FIRST RESIDENT PASTOR


Rev. William Crowley
In 1924 Bishop Michael J Gallagher appointed Rev. William Crowley to be the first resident pastor. Father Crowley had seen quite a bit of the world previous to his assignment to Utica. Born in Cork, Ireland, he had served as a chaplain in the British Navy and had visited many lands in his travels. He had been assistant in a New York City parish and later at Lebanon, Kentucky. Because of his musical talents, he was at one time on the faculty of the University of Notre Dame. On weekends he assisted at parishes in the Detroit Diocese in the western part of the state, particularly Sturgis. Incardinated into the diocese, he was sent to Rochester where he built St. Andrew Church. He came at last to Utica, where he would remain for eight years.

Building was Father Crowley's first concern for his growing congregation. In 1927, four acres of land-the Nichols's farm adjoining the Greeley Street railroad depot property-were purchased, and the rectory was built. The records of 1928 indicate $12,000 was paid on the rectory, and $1,850 was raided that summer at the annual festival. The following year, 1929, ground was broken for the new combination church-school. Mike Walsh cut the hay and Patrick Manning, Joseph Neurenberg, John Magan, Bernard Raska and Paul and Henry Malburg with their tractors and shovels dug the basement. With men working through the night, moving the pews, the altar and fixtures from the old church on Van Dyke, the building was completed for Easter Sunday, 1930. At 4:00 that morning, Peter Arts lit the sanctuary lamp, and the first Mass in the new church was offered by Father Crowley at 7:30 a.m.

The new building was blessed on a hot Sunday afternoon in July, 1930, by Bishop Michael Gallagher. parishioners recall that the day began with Mass at 7:30 a.m., followed by First Holy Communion, dedication of the church by Bishop Gallagher and Conformation, all on the same day! The clergy assembled at the rectory and the procession moved along the gravel path from the rectory to the church led by the cross bearer, followed by the acolytes, among whom were Leonard and Charles Malburg, Lawrence and John Ternes, and Frank Metter. The confirmation candidates followed the cross bearer. They numbered 62-34 girls and 28 boys. The bishop was assisted by a very young Father Edward DeKeyser who, no doubt, never dreamed that he would later return as pastor of St. Lawrence!

St. Lawrence School
In September of 1930 the school opened its doors with a registration of 149 pupils. Father Crowley hired four sisters of the Order of the Sisters of St. Dominic to lay the foundation of learning in the hearts of the children of Utica. Sister Rose Vincent, O.P., Superior, was the first principal.

The Depression Years
In some historical notes prepared much later by Fr. DeKeyser, he gives a closer insight into the problems which faced Father Crowley during the years of his pastorate.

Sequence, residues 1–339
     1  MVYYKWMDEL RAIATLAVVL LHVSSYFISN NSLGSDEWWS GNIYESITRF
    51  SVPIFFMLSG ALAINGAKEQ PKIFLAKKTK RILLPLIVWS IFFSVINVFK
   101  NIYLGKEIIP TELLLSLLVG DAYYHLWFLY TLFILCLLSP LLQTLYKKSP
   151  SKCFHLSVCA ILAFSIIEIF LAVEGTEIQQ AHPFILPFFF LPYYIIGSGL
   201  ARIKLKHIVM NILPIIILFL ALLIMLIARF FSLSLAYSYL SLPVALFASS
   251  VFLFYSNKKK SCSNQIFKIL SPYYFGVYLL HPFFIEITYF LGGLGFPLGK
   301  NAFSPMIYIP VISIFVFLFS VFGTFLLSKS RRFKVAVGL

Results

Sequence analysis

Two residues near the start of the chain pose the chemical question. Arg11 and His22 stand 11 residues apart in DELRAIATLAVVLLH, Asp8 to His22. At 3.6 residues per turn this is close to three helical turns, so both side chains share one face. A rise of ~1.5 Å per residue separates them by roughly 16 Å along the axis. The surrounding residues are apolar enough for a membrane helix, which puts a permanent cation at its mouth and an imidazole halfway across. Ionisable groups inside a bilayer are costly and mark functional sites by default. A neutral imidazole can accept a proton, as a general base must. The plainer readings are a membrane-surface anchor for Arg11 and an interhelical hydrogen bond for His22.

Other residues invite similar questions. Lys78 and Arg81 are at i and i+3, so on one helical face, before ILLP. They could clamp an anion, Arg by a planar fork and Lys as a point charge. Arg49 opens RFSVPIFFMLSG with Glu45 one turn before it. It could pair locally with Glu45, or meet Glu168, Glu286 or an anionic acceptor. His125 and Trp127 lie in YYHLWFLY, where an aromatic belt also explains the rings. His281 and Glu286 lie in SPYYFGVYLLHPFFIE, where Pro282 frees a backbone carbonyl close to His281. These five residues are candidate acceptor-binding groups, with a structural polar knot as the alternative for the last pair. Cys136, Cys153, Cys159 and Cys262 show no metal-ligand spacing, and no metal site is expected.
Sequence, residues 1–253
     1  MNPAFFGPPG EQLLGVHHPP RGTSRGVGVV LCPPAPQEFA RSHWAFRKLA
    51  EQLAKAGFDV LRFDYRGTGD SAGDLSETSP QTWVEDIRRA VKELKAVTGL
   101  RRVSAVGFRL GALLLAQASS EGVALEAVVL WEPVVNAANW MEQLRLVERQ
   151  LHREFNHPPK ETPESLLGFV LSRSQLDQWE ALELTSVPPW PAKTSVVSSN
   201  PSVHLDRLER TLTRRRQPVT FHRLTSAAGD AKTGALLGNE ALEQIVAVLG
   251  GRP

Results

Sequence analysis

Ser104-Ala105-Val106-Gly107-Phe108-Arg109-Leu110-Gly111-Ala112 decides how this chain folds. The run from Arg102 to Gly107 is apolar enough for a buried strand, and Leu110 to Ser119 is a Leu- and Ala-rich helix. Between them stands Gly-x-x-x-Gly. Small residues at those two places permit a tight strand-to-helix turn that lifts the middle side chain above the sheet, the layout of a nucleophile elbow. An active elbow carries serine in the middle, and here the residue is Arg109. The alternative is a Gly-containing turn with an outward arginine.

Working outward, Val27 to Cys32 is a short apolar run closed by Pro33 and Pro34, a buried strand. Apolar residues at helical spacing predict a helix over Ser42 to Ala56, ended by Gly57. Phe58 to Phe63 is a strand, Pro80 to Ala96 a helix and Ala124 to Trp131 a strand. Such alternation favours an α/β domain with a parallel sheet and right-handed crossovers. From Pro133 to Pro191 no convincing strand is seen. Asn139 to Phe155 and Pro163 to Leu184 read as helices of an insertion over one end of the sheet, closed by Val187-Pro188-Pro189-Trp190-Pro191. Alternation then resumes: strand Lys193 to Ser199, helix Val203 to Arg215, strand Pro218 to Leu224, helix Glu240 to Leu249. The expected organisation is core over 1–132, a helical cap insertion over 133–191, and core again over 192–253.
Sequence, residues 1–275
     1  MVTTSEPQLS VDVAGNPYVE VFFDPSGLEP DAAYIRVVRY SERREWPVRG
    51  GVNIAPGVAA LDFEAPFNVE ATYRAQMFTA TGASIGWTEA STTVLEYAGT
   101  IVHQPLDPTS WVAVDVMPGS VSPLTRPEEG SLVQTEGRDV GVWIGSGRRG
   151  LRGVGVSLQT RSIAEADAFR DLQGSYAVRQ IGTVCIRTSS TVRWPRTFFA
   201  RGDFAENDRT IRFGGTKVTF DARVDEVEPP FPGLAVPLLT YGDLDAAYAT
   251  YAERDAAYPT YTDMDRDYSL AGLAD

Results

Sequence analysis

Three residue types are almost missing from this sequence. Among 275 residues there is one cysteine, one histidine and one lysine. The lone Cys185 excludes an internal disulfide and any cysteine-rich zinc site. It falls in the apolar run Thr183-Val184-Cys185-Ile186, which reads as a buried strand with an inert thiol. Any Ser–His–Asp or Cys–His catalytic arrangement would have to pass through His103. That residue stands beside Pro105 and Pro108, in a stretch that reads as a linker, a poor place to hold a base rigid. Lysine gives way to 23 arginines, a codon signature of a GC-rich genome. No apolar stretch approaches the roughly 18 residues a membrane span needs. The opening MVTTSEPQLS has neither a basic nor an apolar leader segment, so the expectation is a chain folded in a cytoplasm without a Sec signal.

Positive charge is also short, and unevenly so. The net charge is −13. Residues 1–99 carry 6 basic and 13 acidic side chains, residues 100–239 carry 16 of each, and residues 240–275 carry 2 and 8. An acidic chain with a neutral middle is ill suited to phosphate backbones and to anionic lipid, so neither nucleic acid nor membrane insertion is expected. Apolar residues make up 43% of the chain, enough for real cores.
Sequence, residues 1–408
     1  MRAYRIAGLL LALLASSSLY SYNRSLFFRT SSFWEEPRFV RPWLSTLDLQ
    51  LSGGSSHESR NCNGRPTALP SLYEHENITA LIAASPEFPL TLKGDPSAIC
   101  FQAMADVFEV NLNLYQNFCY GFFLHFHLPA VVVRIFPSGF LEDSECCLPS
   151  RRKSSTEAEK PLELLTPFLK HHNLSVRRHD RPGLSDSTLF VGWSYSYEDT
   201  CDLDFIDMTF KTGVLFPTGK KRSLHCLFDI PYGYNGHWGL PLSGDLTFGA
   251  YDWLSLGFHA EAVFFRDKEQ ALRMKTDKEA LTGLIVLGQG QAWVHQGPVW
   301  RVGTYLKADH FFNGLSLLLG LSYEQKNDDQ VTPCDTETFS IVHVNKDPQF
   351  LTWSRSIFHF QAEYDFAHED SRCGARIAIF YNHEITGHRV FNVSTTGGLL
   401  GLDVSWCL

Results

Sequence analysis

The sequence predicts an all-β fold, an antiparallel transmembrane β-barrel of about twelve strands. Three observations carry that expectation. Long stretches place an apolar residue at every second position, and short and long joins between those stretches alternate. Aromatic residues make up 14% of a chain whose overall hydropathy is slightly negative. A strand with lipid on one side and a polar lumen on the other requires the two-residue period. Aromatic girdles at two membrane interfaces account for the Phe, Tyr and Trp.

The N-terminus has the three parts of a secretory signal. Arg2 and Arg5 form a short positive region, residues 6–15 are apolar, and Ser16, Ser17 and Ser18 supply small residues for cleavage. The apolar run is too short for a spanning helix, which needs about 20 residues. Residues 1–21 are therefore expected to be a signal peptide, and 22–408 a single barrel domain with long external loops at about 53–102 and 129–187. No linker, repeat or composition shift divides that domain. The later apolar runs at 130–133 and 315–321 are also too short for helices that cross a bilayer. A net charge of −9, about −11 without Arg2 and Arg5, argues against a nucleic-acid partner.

"The Depression was being felt in the early 1930's. Financing was difficult. There were not sufficient funds to meet fuel bills. The congregation had accumulated a fuel bill with a local concern to so great an amount that the supply was cut off. The credit of St. Lawrence was nil; things became so bad that nothing could be obtained except on a cash basis.

"In 1932 the Depression had hit the bottom. Father Crowley had borrowed wherever he could in order to keep the creditors from his door. Some of the people of the parish who were blessed with more of this world's goods than others came to the rescue. Especially remembered are Mr. and Mrs. Herman Arts, Mr. and Mrs. Paul Malburg and Mr. and Mrs. John Esper. The Western and Southern Life Insurance Company had not received a penny on the principal of $50,000 which it had loaned to the parish. The closed Utica Bank held a $10,000 note against the property, and several individuals had loaned money to the parish at a reduced rate of interest in order that the payments might be met."

In the midst of this discouraging outlook, Father Crowley, worrying as to how he should meet his obligations, passed away at his sister's home in Boston on July 12, 1932. He was preparing to make his return to Utica when he suffered a heart attack and died at the age of 56. Interestingly, Fr. Edward DeKeyser was visiting in Mt. Clemens at the time of Fr. Crowley's death and helped with the funeral arrangements. It was agreed that Father Crowley would be buried in St. Lawrence Cemetery where the flock to whom he had been shepherd could visit his grave and offer a prayer for the repose of his soul. Mr. Peter Arts was to see that the weeds were cut and that the cemetery should be fittingly prepared for their pastor's funeral. The tall grass which surrounded the rectory and the school was to be cut; the low spots around the parish builds were to be filled. Bishop Michael J. Gallagher offered the funeral Mass, and Father Dennis A. Hayes preached the sermon. It is said of Fr. Crowley that the very shoes in which he was buried were paid for by his friends.

On the day of Father Crowley's funeral, Bishop Gallagher appointed Father Joseph McIsaac as the second pastor of St. Lawrence. Records show that Father McIsaac's aim was to reduce the indebtedness of the parish, and this is exactly what he did. The oil burners in the school and rectory were replaced with coal stoker. Arrangements were made to pay a small amount on all debts until they were paid in full. Fr. McIsaac was known for his oratory; people spoke of his masterful sermons. His kindly manner and his love for children won for him a place in the hearts of his people. His time as pastor was short, however, for in 1935 he resigned his parish to enter the Order of Preachers.


 
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